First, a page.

2. There are features of our world that need a supernatural explanation. Collins describes a puzzle. Science cannot explain human morality, he thinks, nor the origin of the universe, nor the many coincidences that make the universe suitable for life. He has a solution to this puzzle. He proposes the hypothesis that an invisible being outside of space and time is responsible. Now, he supplies not one speck of evidence to support his claim. His hypothesis contains no process, no detail, no explanation. The analysis goes little further than, "It's supernatural and it just happened." The hypothesis relies entirely on the idea that there are remarkable things which we can't explain so a supernatural being must be responsible.
  3. Which, of course, raises a question, who or what could create a being so extraordinary it could create a universe, life and human morality? God's god?
  4. This we-don't-know-so God-must-be-responsible reasoning can be easily dismissed. Here's a writer who manages a particularly good job:
    "Various cultures have traditionally tried to ascribe to God various natural phenomena that the science of the day had been unable to sort out - whether a solar eclipse or the beauty of a flower. But those theories have a dismal history. Advances in science ultimately fill those gaps, to the dismay of those who attached their faith to them."
  5. Quite. And the author? Collins himself. See page 193. The mystery is why he can't see that his own views on human morality, the Big Bang and the fine tuning of the universe amount to no more than what he criticises as a God of the gaps theory. He could easily have added these issues to his list after eclipses and flowers.
  6. Of course, his claim that, "Advances in science ultimately fill those gaps," has already proved the case with human morality. It isn't a gap. Does Collins not know of the work of Marc Hauser and the many, many others who have shown there is nothing supernatural going on here? We might not have every last detail sorted but we certainly don't need fanciful ideas about an invisible being affecting the software in our skulls to explain right and wrong and altruistic behaviour.
  7. His second type of evidence is even easier to demolish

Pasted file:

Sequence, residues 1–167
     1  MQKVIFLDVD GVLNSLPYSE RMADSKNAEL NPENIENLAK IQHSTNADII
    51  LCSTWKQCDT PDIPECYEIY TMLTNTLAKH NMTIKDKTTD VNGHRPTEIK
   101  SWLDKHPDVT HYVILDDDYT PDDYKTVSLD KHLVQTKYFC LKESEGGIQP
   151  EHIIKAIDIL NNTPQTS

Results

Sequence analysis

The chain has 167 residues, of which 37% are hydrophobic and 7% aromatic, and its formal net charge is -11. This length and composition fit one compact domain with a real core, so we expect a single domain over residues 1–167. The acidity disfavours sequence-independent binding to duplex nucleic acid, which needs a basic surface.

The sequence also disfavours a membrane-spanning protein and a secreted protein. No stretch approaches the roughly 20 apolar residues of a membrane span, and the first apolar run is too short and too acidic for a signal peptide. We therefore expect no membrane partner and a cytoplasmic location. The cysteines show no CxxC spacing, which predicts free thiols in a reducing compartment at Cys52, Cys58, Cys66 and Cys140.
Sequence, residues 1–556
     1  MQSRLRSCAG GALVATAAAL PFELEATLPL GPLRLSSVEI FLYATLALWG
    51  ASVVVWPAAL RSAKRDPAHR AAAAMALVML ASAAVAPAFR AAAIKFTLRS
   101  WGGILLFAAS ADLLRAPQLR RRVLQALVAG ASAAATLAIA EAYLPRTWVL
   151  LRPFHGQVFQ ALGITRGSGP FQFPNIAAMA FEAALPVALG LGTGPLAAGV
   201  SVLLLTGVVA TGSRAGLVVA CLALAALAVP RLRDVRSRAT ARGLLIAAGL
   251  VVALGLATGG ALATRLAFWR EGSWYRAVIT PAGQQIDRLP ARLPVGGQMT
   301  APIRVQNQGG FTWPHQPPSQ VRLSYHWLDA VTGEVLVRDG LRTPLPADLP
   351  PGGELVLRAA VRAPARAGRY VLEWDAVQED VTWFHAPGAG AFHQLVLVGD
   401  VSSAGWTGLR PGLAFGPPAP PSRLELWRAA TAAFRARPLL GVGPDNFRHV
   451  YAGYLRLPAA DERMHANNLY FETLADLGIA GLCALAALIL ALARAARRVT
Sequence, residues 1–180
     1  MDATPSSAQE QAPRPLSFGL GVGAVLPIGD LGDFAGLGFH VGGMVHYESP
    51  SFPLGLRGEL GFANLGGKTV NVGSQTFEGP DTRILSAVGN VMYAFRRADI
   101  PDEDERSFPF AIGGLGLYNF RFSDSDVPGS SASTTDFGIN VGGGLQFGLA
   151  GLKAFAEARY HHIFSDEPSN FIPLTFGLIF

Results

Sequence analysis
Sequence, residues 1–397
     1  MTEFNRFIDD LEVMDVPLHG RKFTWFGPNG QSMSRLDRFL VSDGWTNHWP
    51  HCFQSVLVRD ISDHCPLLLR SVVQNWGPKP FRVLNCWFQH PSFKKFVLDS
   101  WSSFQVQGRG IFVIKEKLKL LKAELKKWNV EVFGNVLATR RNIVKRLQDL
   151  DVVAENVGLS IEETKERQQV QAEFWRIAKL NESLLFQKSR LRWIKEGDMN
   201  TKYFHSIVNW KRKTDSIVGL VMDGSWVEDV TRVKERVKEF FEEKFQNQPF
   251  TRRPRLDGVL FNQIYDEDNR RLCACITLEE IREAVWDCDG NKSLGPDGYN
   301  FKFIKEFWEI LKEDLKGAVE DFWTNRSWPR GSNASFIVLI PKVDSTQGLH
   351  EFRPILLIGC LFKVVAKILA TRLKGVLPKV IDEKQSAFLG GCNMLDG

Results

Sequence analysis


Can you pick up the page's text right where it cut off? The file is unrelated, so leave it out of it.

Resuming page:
8. The universal longing for God. The argument here is straightforward. God must exist because the longing for him is universal. On the one hand this is another easy argument to dismiss but on the other hand cognitive scientists of religion have some interesting things to say about this type of thinking.
  9. So, let's dismiss this one quickly. Does longing for something mean it exists? Of course not. The human imagination has evolved to dream of all sorts of things that don't exist - Father Christmas, time travel1 and a date for me tonight with Helena Bonham-Carter to give just three examples. But do these things exist? No. (So that's another quiet evening in then.)
  10. But Collin's book raises bigger and more interesting questions. Why does a leading scientist - the head of the Human Genome Project, no less - fall into these elementary thinking traps? Why is he unable to apply the scientific thinking he applies in his book to the dismissal of Intelligent Design to his own, so-called, evidence? Why do so many highly intelligent, sane, sincere humans think like this? Why are the majority of our species convinced that invisible, supernatural beings exist?
  11. We live in exciting times when the first good answers to these questions have appeared. Cognitive scientists of religion now tell us religion is created by how our minds work. It's a way of thinking, they say. It's about the unconscious assumptions we make that we don't even know are assumptions. Collins writes, "Science is not the only way of knowing. The spiritual worldview provides another way of finding truth." This statement reveals clearly two ways of thinking. We are a generation that can now choose between the two. We either try to overcome the limitations of our ape brains through the organised curiosity of science or we give in to the unconscious thinking traps of what Pascal Boyer calls our "mental basement". We are privileged to live at a time when we have this choice.
Contents
    Introduction – 1
    Part One: The Chasm Between Science And Faith
  1. From Atheism to Belief – 112
  2. The War of the Worldviews – 33
    Part Two: The Great Questions of Human Existence
  3. The Origins of the Universe – 57
  4. Life on Earth: Of Microbes and Man – 85
  5. Deciphering God's Instruction Book: The Lessons of the Human Genome – 109
    Part Three: Faith in Science, Faith in God
  6. Genesis, Galileo, and Darwin – 145
  7. Option 1: Atheism and Agnosticism (When Science Trumps Faith) – 159
  8. Option 2: Creationism (When Faith Trumps Science) – 171
  9. Option 3: Intelligent Design (When Science Needs Divine Help) – 181